5 questions with JD Darr


February 8, 2023

JD Darr

JD Darr

This month, we check in with JD Darr, director of regulatory and legislative affairs for the National Pest Management Association (NPMA), to ask about the organization’s upcoming Legislative Day event, as well as policy matters related to pest control.

1. The NPMA’s Public Policy Team takes action if proposed regulations and legislation will affect the pest control industry. What are a few issues you are working on right now?

Currently, we are tracking several pieces of state legislation — ranging from bans or limitations on using neonicotinoids and second-generation anticoagulant rodenticides (SGARs), to pesticide preemption rollbacks. As of the end of January, we’ve seen bills in Connecticut, Hawaii, Minnesota, New Hampshire and New Mexico, just to name a few. We remain in direct contact with our members in these states, with whom we are working diligently to advocate for effective legislative and regulatory oversight of the pest control field.

For the federal side of our work, we continually meet with key legislators on Capitol Hill to discuss the importance of including pesticide preemption in the 2023 Farm Bill. Lastly, we drafted comments to the U.S. Environmental Protection Agency (EPA) in response to its proposed interim decision (PID) for rodenticides, from both the NPMA and on behalf of multiple state associations.

2. What can pest management professionals (PMPs) do to help?

One big way is to attend our 2023 Legislative Day event, which will take place in Washington, D.C., March 22 through 24. You can register online at Legislativeday.npmapestworld.org. The event includes our annual Hill Day on March 23, where we visit Capitol Hill to meet with elected officials to communicate the vital role pest control companies play in protecting public health, food and property, as well as the importance of supporting the pest control industry.

Another way PMPs can help is by connecting with the NPMA and with state and local pest control associations to get more directly involved in our industry’s advocacy priorities.

3. Since you mentioned the upcoming Legislative Day event, 2023 marks the first time since 2020 that attendees will be able to meet face-to-face with their representatives on Capitol Hill. Why is it important to make a personal connection?

It is hard to overstate how crucial personal connections are in effective advocacy work. Elected officials make time for and, most importantly, listen to their constituents, meaning these meetings carry a bigger impact. We have the most success with our legislative visits when PMPs provide their personal experiences of how legislation can help or hinder the economy and the public health and safety of the community in each legislator’s district.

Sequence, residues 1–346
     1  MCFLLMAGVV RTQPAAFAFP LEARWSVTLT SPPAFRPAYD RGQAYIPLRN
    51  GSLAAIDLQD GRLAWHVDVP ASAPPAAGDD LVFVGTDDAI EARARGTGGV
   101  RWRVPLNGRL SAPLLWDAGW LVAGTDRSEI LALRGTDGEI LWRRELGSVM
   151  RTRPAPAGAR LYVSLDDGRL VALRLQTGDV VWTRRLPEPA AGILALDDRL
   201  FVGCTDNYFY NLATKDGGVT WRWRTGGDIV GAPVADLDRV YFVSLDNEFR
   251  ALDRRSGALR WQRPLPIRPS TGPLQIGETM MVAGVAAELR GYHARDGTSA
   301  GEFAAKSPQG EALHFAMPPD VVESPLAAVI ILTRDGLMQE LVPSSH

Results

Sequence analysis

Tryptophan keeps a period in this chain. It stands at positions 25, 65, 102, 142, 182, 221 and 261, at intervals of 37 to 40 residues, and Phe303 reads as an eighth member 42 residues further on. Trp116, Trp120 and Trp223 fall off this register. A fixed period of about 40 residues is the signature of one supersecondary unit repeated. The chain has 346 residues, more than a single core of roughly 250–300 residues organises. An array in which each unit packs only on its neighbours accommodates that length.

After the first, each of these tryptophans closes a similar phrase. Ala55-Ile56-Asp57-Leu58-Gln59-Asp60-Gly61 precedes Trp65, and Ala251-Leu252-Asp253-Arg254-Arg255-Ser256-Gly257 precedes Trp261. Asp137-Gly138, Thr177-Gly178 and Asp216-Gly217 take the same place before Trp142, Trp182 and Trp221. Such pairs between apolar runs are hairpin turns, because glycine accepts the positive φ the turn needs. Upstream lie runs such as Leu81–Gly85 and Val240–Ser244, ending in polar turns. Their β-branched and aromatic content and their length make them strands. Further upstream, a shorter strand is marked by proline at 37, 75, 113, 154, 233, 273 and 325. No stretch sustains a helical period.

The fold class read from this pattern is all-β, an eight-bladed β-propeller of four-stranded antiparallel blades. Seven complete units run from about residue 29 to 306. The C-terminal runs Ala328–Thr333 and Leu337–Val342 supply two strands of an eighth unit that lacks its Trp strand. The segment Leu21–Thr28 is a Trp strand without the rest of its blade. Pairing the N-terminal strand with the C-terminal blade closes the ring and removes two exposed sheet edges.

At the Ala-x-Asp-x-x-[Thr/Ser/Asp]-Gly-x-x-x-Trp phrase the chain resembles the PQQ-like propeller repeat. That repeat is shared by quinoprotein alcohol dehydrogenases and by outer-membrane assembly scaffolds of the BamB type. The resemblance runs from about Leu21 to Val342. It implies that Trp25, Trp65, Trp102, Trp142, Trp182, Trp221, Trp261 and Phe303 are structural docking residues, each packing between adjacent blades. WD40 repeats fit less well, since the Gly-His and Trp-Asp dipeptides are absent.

4. The public comment period for the EPA’s PID for rodenticides is now closed. What happens next?

The EPA will identify comments of significance and begin responding to them. Our hope is that our industry’s comments will impact the EPA and lead to changes in the PIDs that support the pest control industry, instead of placing heavier restrictions and additional requirements on our members.

5. Pesticide preemption would be guaranteed nationwide if it is included in the Farm Bill that is enacted this year. Why is it critical to the pest control industry?

The EPA and state lead agencies are staffed with career scientists who review the health and safety impacts of pesticides, and then use their findings to regulate pesticide use. Localities do not have that same expertise. In states that do not have pesticide preemption, PMPs are burdened with regulatory uncertainty as they move from county to county on their service routes, and are required to operate under the direction of unclear and poorly thought-out local laws. A national solution to state pesticide preemption ensures government entities with adequate resources are making these important decisions for their citizens, and also would reduce the burden on PMPs and businesses.

About the Author

Headshot: Diane Sofranec

Diane Sofranec is the senior editor for PMP magazine. She can be reached at dsofranec@northcoastmedia.net or 216-706-3793.

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